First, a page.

Hello Loved Ones,
Last night I fell asleep with my family even though I have a list of things to accomplish but I remember saying to myself "Even though this is simple, and daily, it is still rare" and laid down to sleep.
When I woke up this morning and snuck out of my house, since it is a daily ordeal to give my kids enough time with me before being gone all day, I had alot on my mind. So much in fact that I had to go back home to retreive my cellphone due to my absent-mindedness.
When I finally got to work, I knew that I had one hour to burn a CD for my performance, fire two people, fill those two positions, and reschedule two interviews until later today or tomorrow.
With all of those things completed I sent a quick email to my friend, Tennessee and told him that I was in route and hoping that nothing changed.
On my way to the Fulton Treatment Center, which is a place that youth from 14-18 years old are housed due to them not being able to cope with society through various reasons, I get pulled over by a Missouri State Highway Patrol K9 Unit.
I was like wow. Racial profiling at it's finest!!! First thing he says to me is "You have different tags on the front and on the back". I was like "Cool, I thought that you were just trying to mess with me, I am on the way to a meeting". Then he flares up and says "Drop the attitude buddy". I then said "I dont have an attitude, but I am on the way to a very important meeting". We argue passionately for a few minutes, and of course I drop that my uncle worked for MHP for over 25 years, and I was a former Marine so I understand the nature of this type of job. He relaxed a little bit and took his hand off of his pistol. In his mind I saw his say "Ok, he is not a thug". But not until I explained and reiterated the "I thought" part of the comment and then I get out to check myself. "Oh, you are right" is my comment. He said "Go have a seat in the car". It smelled like all dog and I did not have the heart to look the dog in the eye since he would have seen and sensed that I dislike dogs with a passion and slobbered all on my. :)
He comes to the car, takes off his hat and calls in my plates and I tell him "I cant be that ghetto that I did not change both plates on my car when I got them renewed". I then said, "That is the wife's car, and I doubt that she has been driving around like this for over 2 years". The call comes back from dispatch and he says "That is probably what happened". I said "I hope not". Thank you officer. "Thank you Stanley".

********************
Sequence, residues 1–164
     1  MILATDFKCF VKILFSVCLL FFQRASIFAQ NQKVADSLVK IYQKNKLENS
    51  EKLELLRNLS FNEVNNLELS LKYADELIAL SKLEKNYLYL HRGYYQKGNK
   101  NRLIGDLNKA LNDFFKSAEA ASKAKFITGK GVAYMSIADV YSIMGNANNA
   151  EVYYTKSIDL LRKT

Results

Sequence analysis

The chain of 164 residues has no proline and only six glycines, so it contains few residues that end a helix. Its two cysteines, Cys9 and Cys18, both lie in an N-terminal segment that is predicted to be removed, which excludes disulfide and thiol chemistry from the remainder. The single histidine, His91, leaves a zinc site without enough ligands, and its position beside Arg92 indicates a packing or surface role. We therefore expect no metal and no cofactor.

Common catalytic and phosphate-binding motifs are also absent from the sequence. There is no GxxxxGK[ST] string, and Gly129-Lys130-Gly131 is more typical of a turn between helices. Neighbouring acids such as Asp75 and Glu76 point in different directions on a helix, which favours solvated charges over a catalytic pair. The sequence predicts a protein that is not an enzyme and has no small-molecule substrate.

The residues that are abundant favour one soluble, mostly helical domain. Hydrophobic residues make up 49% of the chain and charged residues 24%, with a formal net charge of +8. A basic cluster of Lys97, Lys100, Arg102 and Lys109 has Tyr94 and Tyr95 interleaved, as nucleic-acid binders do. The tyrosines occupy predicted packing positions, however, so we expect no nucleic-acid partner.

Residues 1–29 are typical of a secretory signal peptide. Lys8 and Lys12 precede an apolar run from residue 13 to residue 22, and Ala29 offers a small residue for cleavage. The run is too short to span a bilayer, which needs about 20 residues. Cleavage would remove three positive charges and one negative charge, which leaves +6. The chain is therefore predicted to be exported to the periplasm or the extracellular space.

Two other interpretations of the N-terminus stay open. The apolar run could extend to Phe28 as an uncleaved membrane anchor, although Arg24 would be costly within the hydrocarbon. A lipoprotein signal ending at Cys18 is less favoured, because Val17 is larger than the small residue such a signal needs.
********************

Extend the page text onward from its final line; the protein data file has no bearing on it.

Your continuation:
When I get back into my car and speed off down the highway, clearly late, I get a text explaining that I was supposed to be there yesterday. In my mind, and on the text, I say, great. Well I am going somewhere in Fulton since I am almost there. I also call my wife and ask her about the plates and she mentions to me that she told me to change it twice and yes, I am that ghetto. Go figure. You can take the brother out of the hood, but.... (you know the rest)
So, I get to the facility and spend 10 minutes trying to work the lock in order to put my stuff in the locker and I am greeted by this wonderful woman and the first thing that she says is "We might have to reschedule". I tell her that I am open. She mentions that they listened to one of my songs and that they loved it. I was happy that they enjoyed it. I ended up going on a tour of the facility and met some of the young men, and talked to the Director and reschedule for Wednesday May 5th, 2011 to come back and perform and create a program. I am sending them an agenda to consider tomorrow.
I see these young men, and then poetry, and their eyes, their curiousity and their souls. On my way out, two more young men, walk past me, in shackles and I barely look at them because I dont want to get them in trouble, and I dont want to alarm the guards. But as I walk out of the door, they both look at me, one Black and one Latino, with fear in their eyes. It was hard to walk away.
As I drove out of Fulton, on the right I see all jails, and facilities and ironically on the left I see two old farms, that are vacant of any cows and steers. I see a whole industry around the housing of our youth, kids, and men. Yes, it is based on their actions, but it is more based on the expectation of masculinity, the glorification of violence and as my wife shared with me earlier in the week, the hidden affects of mass circumcision.
As I drive back to CoMo to inject myself back into my work, my life, and my service to my family, my employer, and my fellow citizens, I can not escape the feeling that I am not the person that I was this morning. That person is dead. I have expanded. I have grown. I have shed layers of nothing. I got rid of multiple prejudices and misconceptions that were hidden, invisible, waiting to be discovered by various circumstances. They are waiting to be discovered by each of us, on our own turn, so that we too can escape the matrix, and live, in reality.
Thanks for listening to me share. How was your day?